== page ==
WordPress Cach’ing 2

One of the biggest issues I have had with THE Canadian Personal Finance Site is that it loaded like a pig (i.e. very slowly), and it frustrated me to no end that I might be losing potential readers because of this, so I have undertaken a small experiment using this site and my finance site to see whether there is a large difference between WordPress Cach’ing plug-ins or not.

Performance Optimization WordPress Plugins by W3 EDGE

On this site I am running W3 Total Cache and it seems to be a very “hands on” cache’ing system with lots of Knobs and Buttons to press if you want. It creates its own “Performance” menu where you can adjust things and you get a bunch of very useful info about what is going on with the cache and how you might improve your site’s performance. There is also a lot of opportunity to buy services from the Plug-in provider, but for now I am happy with what I am seeing (after a week of running).

On installation I’d say it was pretty straight forward, didn’t seem to create too much excitement, but it seems all of the cache’ing plug-ins have their own little “issues” with specific files in your WP-CONTENT directory or the actual CACHE directory that they are proposing to use. This is not something for a WordPress Neo-phyte to try, but I was OK with it (I view myself at the informed twiddler level).

There are plenty of metrics including Google Page Speed analysis capabilities which is useful to have (and can’t hurt in terms of Google getting more info about your site). If you look at the Google Pagespeed insights page this site gets rated 78 out of 100 with issues with Server Response Time and other issues, this seems OK, however not as good as I had hoped.

 Wordpress Super Cache

This plug-in cache’ing system is being run on The Canadian Personal Finance Site, and it seems to be making the site much quicker than it has been. Running and using this plug-in is fine for folks who don’t get too scared by WordPress, and it installed OK as well, however, it needed to have a specific file moved to be fully functional. I had to use an FTP client to move things around but it did seem to start up no problem after this small adjustment.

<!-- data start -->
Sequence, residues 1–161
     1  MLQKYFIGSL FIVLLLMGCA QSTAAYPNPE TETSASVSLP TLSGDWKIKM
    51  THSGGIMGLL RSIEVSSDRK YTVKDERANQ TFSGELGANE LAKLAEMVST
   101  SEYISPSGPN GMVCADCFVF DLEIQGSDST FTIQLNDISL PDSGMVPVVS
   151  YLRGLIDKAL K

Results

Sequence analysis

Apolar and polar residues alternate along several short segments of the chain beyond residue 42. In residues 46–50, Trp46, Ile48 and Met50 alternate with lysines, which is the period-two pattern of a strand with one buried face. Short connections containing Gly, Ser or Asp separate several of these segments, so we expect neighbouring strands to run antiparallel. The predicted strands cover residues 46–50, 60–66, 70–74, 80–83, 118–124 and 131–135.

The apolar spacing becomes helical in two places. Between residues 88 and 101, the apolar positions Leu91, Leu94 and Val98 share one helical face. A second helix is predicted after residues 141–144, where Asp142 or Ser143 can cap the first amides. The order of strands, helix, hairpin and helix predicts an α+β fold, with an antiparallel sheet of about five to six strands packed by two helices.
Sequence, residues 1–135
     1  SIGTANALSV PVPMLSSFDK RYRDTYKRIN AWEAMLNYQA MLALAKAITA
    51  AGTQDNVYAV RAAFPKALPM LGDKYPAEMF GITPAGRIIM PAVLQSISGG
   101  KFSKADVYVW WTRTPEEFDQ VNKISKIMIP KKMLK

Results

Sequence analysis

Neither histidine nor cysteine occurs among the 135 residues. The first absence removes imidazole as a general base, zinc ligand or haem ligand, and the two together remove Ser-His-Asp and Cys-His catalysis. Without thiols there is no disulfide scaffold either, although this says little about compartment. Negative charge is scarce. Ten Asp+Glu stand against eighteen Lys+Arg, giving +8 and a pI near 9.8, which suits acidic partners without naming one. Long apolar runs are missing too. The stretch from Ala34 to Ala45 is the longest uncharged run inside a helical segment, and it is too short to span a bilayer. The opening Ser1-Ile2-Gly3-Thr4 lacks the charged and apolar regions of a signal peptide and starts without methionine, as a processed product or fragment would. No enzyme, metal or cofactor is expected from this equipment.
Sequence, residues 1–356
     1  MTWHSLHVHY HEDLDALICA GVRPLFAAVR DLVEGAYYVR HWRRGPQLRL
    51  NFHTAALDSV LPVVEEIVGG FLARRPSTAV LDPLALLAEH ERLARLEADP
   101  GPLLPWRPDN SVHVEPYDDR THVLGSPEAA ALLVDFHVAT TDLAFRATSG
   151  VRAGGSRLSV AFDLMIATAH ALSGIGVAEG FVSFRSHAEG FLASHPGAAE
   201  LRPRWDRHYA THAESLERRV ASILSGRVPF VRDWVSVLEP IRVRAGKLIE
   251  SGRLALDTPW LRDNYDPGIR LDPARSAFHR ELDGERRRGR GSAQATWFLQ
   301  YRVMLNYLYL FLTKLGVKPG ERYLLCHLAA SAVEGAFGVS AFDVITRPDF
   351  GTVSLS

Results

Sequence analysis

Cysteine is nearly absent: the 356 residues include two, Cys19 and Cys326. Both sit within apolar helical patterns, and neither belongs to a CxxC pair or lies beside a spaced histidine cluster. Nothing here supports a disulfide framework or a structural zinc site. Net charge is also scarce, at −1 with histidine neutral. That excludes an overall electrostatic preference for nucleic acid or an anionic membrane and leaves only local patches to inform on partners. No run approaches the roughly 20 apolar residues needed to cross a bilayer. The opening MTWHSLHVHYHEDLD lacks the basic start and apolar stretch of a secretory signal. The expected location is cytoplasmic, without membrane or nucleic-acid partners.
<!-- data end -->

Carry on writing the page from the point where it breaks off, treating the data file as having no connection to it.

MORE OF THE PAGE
There is a set of useful menus which are pretty easy to navigate and in fact you can stay on the “EASY” menu and make the whole thing work without having to become too much of a wizard on things.

So far this seems to be helping speed up the site a great deal with Google Page Speed saying the home page is now a 94 out of 100 in terms of speed (it was much lower before I installed the Plug-in). I suspect this might be the right choice for the site and I am using the PHP cach’ing level (not quite the fastest but almost), and I will continue to monitor the performance week by week.

I am also interested in any opinions from any of my readers as well (in the comments).

What do you think?

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2 thoughts on “WordPress Cach’ing

  • Sudip

    I am using W3TC. It is great but time to time breaks my blog as I keep experimenting with the site. I shall be trying it with interactive php soon. So far it is very promising.

    It is hard to improve the server response time if you are using a regular rig and have a firewall running. I also run some more security mods and they tend to slow it down a bit. It is better to be safe than a sorry a….

    Also frequent DNS lookups slows the server down. You may want to cut that.

    The 3rd party scripts are the worst culprits to drag the site speed down.

    Did you try to use any CDN? Let me know please. They all appear to be very expensive and in most of the cases you have to transfer the Name server to them – that idea – I am not very comfy with.

    • Big Cajun Man Post author

      Not going to worry about the CDN for now, I am happy enough with the response currently, although I will monitor things a little more closely in the fall when folks come back to the Internet ;-).